Are You Registered? The New Blue Box Scheme and its Impact on Franchisors; An Overhaul of Ontario’s Blue Box System Shifts 100% of Costs on Producers of Packaging
Ontario is fundamentally restructuring its recycling system. Ontario’s municipalities set up the world’s first curbside recycling systems in Kitchener in 1981. Since 2002 producers of recyclable blue box materials have been required to fund up to 50% of municipal net operating costs. Now, 40 years after the initial conception of a curbside recycling system, Ontario is adopting an even more aggressive blue box program that will push 100% of the cost and physical administration of recycling eligible materials onto producers of those materials.
In 2016, the Government of Ontario created the Resource Productivity and Recovery Authority (the “Authority” or “RPRA”) to support Ontario’s transition to individual producer responsibility (“IPR”). On June 3, 2021, Ontario released the finalized O. Reg. 391/21: Blue Box (the “Regulation”) under the Resource Recovery and Circular Economy Act, 2016 (the “RRCEA”). Under the new Regulations, and enforced by the Authority, brand holders that produce eligible packaging (“Producers”) will be responsible for designing and fully funding the collection and end-of-life management of the blue box materials they supply to consumers in Ontario. At the option of Producers, they may partner with Producer Responsibility Organizations (“PROs”) to take on the collection, management, and administration of the program on behalf of Producers.
The guiding principle behind this initiative is that the parties responsible for deciding on packaging should be the ones responsible for the cost of recycling it after consumers throw it away.
This program will replace the current Stewardship Ontario Blue Box Program with the first group of blue box programs transferring the responsibility for the collection, management, and administration of recycling eligible packaging to Producers in July 2023. By December 2025, Producers will be fully responsible for providing blue box services across Ontario.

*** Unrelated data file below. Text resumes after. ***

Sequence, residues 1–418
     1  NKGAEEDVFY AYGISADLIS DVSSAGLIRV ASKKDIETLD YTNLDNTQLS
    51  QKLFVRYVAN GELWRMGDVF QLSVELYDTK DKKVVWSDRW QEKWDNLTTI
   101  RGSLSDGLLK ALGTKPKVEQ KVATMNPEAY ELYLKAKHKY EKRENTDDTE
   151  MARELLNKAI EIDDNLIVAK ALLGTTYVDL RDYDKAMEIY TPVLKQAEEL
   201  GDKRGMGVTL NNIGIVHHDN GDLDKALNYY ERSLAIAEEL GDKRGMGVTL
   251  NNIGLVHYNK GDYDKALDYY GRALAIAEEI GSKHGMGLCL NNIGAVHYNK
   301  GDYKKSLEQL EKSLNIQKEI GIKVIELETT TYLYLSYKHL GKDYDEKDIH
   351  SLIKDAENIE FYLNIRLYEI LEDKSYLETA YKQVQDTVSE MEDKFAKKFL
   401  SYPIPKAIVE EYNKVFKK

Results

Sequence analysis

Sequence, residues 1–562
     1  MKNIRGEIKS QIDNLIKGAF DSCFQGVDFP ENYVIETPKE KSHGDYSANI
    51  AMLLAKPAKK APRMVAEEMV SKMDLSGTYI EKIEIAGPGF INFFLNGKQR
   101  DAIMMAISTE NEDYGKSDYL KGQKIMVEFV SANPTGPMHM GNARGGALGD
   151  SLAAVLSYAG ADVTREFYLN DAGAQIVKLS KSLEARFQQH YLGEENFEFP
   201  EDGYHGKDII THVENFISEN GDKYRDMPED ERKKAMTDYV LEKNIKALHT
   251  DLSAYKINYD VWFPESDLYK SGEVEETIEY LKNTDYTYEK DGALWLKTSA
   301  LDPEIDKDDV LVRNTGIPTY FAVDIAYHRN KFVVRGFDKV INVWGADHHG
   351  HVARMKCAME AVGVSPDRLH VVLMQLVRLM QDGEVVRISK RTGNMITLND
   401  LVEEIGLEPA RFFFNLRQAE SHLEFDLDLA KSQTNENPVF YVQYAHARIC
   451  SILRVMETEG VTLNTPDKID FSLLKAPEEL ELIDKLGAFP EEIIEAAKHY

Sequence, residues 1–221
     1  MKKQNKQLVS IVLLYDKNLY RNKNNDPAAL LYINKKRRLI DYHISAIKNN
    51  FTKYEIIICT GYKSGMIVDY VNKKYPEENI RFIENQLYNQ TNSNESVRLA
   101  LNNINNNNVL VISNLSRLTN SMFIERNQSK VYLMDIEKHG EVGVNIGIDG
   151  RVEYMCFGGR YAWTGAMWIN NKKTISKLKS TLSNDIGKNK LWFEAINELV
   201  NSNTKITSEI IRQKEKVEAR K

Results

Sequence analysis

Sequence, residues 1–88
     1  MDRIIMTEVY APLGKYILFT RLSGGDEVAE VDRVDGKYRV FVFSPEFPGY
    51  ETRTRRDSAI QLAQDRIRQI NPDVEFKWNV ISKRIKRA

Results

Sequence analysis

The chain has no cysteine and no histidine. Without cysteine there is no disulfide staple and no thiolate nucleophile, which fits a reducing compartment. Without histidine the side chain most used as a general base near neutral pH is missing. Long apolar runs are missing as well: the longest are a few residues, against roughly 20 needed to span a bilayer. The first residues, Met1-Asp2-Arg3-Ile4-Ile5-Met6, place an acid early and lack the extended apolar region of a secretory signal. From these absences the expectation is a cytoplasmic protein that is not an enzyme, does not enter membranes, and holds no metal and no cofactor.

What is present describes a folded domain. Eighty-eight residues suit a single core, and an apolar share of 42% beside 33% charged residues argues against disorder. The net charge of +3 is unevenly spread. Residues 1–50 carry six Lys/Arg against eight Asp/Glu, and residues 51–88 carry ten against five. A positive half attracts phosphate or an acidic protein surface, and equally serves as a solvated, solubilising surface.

Franchisors face additional consideration when compared to other industries falling under these new Regulations. They should be mindful that any changes to their business that significantly impact franchisees, such as additional fees for administering the blue box program, must be disclosed in their Franchise Disclosure Document (“FDD”).
Who is a Producer of blue box materials?
A person or company is considered a Producer under the Regulations if they supply blue box materials (such as packaging, paper products, or packaging-like products) comprised of paper, glass, metal, or plastic, or a combination of these materials to consumers in Ontario (collectively, “eligible packaging”).
When there is a franchisor-franchisee relationship, the regulations provide that for the purposes of the blue box program, if the franchisor has franchisees that are resident in Ontario, then the franchisor will be considered the Producer and be required to uphold all obligations imposed by the Regulations.
More broadly, the hierarchy for determining who bears the responsibility as Producer is listed below in descending order;
- Firstly, the Canadian resident brand holder of a product (such as a person/company who owns or licenses a brand or who has rights to market a product under the brand) is responsible for the packaging they added to the product.
- Secondly, any resident of Ontario who imported the product into Ontario is responsible for the packaging they added to the product.
- Thirdly, where there is no brand holder that is a resident of Canada, or the importer is outside of Ontario, the retailer that sold the product to the consumer will be responsible for the cost of recycling the packaging.
It’s important to note that packaging materials that are not supplied to consumers (such as materials used to transport products to stores) are not captured by these Regulations.
If you are unsure of whether you are captured by these regulations, it may be helpful to contact RPRA at email@example.com or call 647-496-0530 or toll-free at 1-833-600-0530.
Who Needs to Register?
Any person or company who meets the definition of Producer must register with the Authority unless they fall under one of the two exemptions to registration under the Regulations. You are exempt from registering as a Producer if: